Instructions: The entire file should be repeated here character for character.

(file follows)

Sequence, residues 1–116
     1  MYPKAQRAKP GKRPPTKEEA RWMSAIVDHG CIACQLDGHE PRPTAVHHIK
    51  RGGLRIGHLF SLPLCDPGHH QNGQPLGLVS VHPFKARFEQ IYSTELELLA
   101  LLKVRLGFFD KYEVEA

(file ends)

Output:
Sequence, residues 1–116
     1  MYPKAQRAKP GKRPPTKEEA RWMSAIVDHG CIACQLDGHE PRPTAVHHIK
    51  RGGLRIGHLF SLPLCDPGHH QNGQPLGLVS VHPFKARFEQ IYSTELELLA
   101  LLKVRLGFFD KYEVEA